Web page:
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Royals sign man believed to be the first player with autism in affiliated baseball

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Today the Royals signed outfielder Tarik El-Abour to a Minor League contract and assigned him to extended spring training. El-Abour is believed to be the first professional baseball player with autism to play affiliated ball.

As MLB.com reports, El-Abour played college baseball at Pasadena City College and Pacifica College and, after going un-drafted, signed with the Sullivan, New York team in the independent Empire League. He won the league’s Rookie of the Year award in 2016, hitting .323 in 122 plate appearances. Last year he hit .240 for the Plattsburgh Red Birds of the same league.

El-Abour came to the attention of the Royals via former big leaguer and former Royal Reggie Sanders, who, while working as an advisor for the club, founded an organization dedicated to empowering individuals with autism. El-Abour was invited to take batting practice with the club as part of the club’s Autism Awareness Night last year and the Royals have tracked him since. Today he joins affiliated ball.

A very big moment for those with autism and those who have loved ones with autism. A very big moment for the Royals. And, above all else, a very big moment for Tarik El-Albour.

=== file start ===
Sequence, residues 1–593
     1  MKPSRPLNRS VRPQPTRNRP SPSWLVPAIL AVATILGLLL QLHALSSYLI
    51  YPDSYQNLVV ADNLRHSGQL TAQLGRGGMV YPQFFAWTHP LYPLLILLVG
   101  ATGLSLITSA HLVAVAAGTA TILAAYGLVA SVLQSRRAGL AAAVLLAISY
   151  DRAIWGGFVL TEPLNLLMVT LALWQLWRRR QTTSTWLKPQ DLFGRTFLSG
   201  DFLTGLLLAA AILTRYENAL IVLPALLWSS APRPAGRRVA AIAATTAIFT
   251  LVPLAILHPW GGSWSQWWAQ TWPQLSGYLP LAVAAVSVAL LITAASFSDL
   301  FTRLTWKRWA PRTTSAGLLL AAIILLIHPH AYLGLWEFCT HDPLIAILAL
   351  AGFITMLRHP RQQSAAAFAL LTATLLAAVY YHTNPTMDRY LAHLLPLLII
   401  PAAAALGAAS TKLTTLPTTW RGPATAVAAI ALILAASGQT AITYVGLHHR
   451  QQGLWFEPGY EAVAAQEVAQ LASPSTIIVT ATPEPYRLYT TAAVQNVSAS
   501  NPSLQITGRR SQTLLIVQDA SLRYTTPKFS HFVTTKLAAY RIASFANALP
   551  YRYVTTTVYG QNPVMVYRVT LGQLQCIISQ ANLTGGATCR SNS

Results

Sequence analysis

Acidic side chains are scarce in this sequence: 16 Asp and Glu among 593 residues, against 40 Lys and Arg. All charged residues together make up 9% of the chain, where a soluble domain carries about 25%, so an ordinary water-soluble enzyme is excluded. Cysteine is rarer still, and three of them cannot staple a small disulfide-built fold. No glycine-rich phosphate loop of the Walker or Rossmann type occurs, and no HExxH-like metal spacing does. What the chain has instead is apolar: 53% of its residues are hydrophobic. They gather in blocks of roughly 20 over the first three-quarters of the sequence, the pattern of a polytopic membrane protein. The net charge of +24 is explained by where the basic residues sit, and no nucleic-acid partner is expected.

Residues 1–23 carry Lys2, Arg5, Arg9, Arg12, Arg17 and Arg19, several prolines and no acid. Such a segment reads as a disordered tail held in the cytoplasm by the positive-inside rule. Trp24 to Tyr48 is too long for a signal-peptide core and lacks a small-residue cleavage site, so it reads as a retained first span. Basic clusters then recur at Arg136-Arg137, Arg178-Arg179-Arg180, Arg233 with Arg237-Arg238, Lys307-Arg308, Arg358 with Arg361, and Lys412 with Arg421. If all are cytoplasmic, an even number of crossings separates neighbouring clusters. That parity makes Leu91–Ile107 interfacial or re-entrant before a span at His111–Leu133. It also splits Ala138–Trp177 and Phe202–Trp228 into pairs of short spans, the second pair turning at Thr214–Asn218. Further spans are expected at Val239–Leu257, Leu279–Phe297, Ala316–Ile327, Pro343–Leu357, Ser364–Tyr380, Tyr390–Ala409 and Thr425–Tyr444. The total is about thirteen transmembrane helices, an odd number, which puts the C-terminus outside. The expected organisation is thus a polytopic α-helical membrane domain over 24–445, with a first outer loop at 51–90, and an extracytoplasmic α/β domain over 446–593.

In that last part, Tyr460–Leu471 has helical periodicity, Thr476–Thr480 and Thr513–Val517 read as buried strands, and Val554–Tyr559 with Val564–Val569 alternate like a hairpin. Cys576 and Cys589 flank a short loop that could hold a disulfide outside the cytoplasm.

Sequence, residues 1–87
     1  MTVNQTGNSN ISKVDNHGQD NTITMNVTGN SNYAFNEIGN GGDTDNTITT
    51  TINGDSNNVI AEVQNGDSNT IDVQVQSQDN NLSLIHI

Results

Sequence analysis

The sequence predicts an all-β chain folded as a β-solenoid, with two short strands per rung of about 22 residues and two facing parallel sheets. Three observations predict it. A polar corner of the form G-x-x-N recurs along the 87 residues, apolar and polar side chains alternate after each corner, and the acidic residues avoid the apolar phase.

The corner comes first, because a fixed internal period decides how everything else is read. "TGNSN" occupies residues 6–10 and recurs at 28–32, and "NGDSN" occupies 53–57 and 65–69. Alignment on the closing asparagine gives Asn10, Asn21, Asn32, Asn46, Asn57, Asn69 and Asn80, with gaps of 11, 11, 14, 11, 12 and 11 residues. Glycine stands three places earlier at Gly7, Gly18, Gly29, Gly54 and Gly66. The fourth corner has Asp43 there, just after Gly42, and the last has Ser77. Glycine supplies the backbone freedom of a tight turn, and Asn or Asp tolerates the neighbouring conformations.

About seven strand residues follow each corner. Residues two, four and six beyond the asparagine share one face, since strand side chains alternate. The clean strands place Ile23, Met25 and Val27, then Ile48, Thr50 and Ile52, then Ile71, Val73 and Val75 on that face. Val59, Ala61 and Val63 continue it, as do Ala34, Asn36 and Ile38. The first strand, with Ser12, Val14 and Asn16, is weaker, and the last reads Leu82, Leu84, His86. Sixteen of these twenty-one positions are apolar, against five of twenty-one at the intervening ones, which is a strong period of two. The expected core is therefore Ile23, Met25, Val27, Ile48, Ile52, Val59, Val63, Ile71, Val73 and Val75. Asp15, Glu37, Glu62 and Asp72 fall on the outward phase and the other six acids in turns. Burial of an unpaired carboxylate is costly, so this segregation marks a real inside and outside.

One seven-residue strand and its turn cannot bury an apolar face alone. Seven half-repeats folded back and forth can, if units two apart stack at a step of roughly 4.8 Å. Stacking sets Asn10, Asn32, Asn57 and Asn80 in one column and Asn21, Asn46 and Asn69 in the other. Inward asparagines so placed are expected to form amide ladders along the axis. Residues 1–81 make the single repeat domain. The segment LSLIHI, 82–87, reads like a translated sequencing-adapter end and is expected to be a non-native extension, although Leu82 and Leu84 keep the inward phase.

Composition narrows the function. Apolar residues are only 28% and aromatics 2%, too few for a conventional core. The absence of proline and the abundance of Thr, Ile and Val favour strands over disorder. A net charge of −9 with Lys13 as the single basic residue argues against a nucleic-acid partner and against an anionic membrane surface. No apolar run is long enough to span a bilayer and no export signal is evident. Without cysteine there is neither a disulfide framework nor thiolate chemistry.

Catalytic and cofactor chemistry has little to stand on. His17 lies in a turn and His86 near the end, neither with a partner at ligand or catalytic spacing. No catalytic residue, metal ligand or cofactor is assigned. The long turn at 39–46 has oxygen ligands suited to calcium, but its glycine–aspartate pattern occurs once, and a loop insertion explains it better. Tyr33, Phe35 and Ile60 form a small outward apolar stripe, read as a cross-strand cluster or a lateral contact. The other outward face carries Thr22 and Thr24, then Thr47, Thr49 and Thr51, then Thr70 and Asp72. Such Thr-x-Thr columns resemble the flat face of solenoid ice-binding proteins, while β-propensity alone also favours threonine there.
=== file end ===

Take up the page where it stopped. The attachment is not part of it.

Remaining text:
Phillies talking to Blue Jays about Curtis Granderson

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Ken Rosenthal reports that the Phillies are talking to the Blue Jays about outfielder Curtis Granderson.

Rosenthal says that the Phillies are looking at Granderson as a bench bat and fourth outfielder to be deployed against righties. Granderson, 37, is hitting .230/.337/.417 with nine homers and 29 RBI over 81 games this season, substantially better against righties. Against lefties he’s a clear liability.

Granderson was traded at last year’s deadline too, from the Mets to the Dodgers, but cratered badly after arriving in L.A. and was a non-entity in the playoffs.